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For the third time since 2009, Lawrence University Professor of German Brent Peterson has been awarded a National Endowment for the Humanities grant to co-direct a seminar in Berlin, Germany. The $169,950 grant will support a five-week long professional development seminar June 22-July 25, 2014 for K-12 teachers designed to enrich their knowledge of contemporary German culture and history.

Peterson, in collaboration with Robert Shandley, professor of film studies and German at Texas A&M University, will lead the seminar “Migration and German Culture: Berlin’s Cultural Diversity Across Two Centuries.” This will be one of 52 seminars and institutes the NEH will support next summer for school teachers and college professors.

The program targets educators in language, literature, social studies and modern history, but any K-12 teacher with intermediate-mid German skills is encouraged to apply. Up to 16 teachers will be selected from a national, competitive application process. Each participant receives a $3,900 stipend to help cover their expenses.

“Although Germany has long welcomed migrants from southern and eastern Europe, France, the Netherlands and more recently, from Turkey, many Americans still imagine it to be the quaint homgeneous land of Beethoven, bratwurst and beer,” said Peterson, a scholar on the construction of national and ethnic identities. “This seminar is designed to give teachers and ultimately their students, who are also very diverse, a more accurate and more appealing picture of a society shaped for centuries by migration. We use the tools of the humanities to see what it means to be German today in the midst of Berlin, Germany’s vibrant, complex and transnational capital.”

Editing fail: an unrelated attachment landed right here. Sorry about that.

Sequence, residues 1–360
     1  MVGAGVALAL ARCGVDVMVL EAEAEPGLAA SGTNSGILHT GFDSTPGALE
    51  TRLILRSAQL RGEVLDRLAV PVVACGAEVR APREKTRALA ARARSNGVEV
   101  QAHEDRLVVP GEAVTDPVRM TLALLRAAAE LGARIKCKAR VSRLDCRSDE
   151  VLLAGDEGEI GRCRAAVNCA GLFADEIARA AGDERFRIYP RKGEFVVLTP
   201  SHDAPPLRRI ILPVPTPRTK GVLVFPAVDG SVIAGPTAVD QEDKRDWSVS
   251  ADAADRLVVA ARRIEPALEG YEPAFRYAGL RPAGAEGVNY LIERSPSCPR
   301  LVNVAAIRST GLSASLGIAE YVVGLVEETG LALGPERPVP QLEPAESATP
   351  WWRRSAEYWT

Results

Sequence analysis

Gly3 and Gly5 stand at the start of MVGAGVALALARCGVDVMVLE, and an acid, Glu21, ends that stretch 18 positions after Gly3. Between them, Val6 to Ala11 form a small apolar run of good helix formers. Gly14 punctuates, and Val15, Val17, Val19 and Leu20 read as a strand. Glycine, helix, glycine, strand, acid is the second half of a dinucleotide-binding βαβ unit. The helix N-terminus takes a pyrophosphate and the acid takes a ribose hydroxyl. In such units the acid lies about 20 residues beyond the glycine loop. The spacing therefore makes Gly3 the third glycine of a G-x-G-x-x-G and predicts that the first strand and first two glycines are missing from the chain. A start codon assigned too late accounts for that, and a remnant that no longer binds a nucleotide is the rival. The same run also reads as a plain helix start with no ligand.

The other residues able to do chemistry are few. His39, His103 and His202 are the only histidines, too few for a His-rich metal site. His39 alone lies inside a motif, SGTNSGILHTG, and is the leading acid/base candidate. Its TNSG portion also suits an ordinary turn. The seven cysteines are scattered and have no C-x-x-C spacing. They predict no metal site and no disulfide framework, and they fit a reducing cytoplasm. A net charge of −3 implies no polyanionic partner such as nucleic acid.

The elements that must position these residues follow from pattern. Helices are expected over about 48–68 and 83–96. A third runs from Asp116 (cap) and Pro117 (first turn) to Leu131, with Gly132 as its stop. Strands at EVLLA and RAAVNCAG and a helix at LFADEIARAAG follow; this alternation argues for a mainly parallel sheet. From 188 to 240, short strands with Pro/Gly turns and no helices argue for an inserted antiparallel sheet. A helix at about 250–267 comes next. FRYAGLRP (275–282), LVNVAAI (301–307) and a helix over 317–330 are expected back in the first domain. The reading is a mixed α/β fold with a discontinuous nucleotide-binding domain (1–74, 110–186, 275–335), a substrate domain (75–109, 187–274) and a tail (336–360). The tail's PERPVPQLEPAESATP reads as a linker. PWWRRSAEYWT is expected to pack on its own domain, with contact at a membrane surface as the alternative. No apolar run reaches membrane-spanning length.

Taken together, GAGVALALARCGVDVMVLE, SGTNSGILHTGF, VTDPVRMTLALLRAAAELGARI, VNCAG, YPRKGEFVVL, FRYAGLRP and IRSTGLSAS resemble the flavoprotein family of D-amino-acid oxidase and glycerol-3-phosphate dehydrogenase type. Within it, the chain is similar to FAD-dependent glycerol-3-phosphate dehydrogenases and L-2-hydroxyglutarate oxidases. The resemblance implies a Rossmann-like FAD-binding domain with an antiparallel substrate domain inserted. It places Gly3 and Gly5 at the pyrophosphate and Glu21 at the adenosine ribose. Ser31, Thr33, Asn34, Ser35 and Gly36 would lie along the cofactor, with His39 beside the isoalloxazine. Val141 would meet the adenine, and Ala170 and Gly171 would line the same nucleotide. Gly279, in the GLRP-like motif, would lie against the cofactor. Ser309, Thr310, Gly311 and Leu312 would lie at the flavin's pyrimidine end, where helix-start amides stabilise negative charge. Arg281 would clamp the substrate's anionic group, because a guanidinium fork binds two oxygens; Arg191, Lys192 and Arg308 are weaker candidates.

Peterson and Shandley first taught their Berlin seminar in 2010 and co-directed the program again last summer. It incorporates 19th- and 20th-century literature (children’s and adolescent), contemporary films and television programs. Two Turkish German authors will lead sessions on their own writing and the seminar also includes several walking tours of Berlin’s diverse neighborhoods.

Conducted in German, classes are held in the mornings with afternoons and weekends free for participants to explore the diverse city of Berlin on their own.